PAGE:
Then there is another thing stressing me out. Other Volunteers. Everyone wants to hear what happened, everyone wants to give me their input on what I should do. Everyone has their own opinions of what their Peace Corps service should look like. We all view Peace Corps service in a different way. Everyone has different reasons for joining as well. Generally, we judge each other based on how productive we are. I hate to admit it, but it is true. If you do too much, others consider you “a super volunteer” and it makes everyone pissy, it makes everyone else look bad. If you never spend any time at site and only do Peace Corps club related things, people will wonder what you are even doing in country. If you just sit around with the locals and haven’t really done any projects, other Volunteers think of you as a useless Volunteer.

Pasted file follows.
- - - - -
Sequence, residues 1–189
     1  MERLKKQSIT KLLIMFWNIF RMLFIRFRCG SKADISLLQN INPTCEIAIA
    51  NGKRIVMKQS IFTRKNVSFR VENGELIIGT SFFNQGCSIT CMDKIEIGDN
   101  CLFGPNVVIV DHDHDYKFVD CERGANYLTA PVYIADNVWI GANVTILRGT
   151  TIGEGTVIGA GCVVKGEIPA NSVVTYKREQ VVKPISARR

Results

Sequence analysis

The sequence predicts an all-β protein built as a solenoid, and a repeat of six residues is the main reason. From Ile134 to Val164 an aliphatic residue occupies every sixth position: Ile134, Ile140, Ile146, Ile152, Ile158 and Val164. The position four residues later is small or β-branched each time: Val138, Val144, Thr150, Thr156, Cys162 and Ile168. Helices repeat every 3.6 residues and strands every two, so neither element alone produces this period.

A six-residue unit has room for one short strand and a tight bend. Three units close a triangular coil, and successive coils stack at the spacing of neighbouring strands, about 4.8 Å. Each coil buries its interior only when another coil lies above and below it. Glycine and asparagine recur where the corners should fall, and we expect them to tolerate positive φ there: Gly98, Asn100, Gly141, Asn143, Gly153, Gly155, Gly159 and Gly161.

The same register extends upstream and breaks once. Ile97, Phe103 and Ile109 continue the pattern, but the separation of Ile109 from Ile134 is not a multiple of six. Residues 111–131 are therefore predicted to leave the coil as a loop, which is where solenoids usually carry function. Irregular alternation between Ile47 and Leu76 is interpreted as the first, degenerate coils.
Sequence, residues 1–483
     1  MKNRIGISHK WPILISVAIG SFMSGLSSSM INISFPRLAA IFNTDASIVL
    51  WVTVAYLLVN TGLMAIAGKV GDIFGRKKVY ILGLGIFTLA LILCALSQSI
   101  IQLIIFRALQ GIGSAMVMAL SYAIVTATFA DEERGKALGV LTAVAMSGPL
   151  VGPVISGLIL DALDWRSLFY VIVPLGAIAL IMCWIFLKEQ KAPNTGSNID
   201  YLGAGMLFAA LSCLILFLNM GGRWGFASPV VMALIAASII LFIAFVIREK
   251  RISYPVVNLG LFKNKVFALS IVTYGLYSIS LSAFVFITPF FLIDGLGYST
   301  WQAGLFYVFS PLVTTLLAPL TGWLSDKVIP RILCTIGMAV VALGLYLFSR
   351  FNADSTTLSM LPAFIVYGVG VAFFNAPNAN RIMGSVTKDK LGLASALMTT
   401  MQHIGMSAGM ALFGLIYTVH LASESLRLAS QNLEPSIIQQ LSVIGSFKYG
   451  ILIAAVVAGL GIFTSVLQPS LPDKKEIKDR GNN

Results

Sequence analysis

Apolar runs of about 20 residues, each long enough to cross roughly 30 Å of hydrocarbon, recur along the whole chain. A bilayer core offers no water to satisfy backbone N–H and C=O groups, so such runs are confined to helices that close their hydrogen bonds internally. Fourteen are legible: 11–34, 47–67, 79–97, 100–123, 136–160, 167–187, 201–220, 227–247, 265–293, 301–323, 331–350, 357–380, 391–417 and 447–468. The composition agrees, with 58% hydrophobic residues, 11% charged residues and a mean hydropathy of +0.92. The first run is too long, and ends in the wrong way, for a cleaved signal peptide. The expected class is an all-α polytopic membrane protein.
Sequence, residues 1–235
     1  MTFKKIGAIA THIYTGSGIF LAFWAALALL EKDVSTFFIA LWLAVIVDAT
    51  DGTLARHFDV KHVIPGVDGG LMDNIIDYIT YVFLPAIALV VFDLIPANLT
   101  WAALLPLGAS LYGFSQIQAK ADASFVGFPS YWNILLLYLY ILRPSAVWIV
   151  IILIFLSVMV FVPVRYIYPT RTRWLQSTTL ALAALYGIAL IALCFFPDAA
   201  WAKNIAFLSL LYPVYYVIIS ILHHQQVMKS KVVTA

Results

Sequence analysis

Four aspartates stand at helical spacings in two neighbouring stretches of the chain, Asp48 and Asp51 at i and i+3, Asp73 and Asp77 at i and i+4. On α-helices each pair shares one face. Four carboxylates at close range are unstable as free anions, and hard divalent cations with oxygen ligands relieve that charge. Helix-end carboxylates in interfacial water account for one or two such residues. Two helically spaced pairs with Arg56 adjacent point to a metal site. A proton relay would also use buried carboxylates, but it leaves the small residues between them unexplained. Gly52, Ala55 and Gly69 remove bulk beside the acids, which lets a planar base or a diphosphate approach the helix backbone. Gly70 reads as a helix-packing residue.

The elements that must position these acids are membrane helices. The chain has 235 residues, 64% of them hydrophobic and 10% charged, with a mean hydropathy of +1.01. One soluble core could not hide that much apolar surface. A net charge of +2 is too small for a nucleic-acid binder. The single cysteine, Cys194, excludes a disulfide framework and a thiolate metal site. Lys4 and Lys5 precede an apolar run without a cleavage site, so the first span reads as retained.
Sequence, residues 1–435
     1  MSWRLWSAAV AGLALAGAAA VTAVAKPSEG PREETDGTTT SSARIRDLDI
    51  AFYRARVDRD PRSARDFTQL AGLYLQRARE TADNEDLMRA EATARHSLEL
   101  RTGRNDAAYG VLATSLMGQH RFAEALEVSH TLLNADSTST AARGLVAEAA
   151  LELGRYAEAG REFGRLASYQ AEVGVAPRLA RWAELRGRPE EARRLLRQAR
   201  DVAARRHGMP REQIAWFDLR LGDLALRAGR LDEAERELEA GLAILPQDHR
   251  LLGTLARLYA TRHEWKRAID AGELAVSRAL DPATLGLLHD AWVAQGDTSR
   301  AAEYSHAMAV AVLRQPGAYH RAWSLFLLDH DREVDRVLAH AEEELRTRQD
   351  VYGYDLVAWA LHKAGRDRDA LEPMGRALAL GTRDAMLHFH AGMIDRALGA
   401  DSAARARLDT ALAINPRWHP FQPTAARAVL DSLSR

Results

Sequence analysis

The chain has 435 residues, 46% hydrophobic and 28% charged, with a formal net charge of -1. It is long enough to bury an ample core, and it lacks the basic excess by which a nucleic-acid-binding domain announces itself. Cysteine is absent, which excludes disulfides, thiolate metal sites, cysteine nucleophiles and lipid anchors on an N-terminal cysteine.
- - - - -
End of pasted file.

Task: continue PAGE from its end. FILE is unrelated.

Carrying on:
But you see, Peace Corps is a different. We have three goals – train locals, share our culture, and share local culture with you. The only person who can measure success is yourself. If you think you have been a successful volunteer, that’s all that matters. During staging, you develop indicators for how you measure success. Each indicator is unique to you alone. It is not healthy to judge other volunteers on their success, yet we all do it.